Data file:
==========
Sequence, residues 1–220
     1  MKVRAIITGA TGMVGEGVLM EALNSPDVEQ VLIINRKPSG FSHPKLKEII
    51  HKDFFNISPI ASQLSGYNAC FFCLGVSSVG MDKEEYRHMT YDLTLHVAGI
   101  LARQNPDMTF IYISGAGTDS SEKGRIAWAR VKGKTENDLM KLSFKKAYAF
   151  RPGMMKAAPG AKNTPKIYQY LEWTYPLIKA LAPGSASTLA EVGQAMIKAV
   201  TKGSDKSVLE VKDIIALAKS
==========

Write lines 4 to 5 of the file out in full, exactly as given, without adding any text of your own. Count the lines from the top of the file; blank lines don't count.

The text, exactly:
   101  LARQNPDMTF IYISGAGTDS SEKGRIAWAR VKGKTENDLM KLSFKKAYAF
   151  RPGMMKAAPG AKNTPKIYQY LEWTYPLIKA LAPGSASTLA EVGQAMIKAV